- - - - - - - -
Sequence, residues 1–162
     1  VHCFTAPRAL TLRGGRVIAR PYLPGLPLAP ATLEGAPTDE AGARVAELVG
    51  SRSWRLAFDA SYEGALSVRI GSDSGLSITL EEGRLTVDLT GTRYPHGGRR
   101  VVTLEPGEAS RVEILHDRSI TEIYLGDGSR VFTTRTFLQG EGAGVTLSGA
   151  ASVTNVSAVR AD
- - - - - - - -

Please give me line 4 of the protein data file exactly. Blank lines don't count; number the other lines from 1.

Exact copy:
   101  VVTLEPGEAS RVEILHDRSI TEIYLGDGSR VFTTRTFLQG EGAGVTLSGA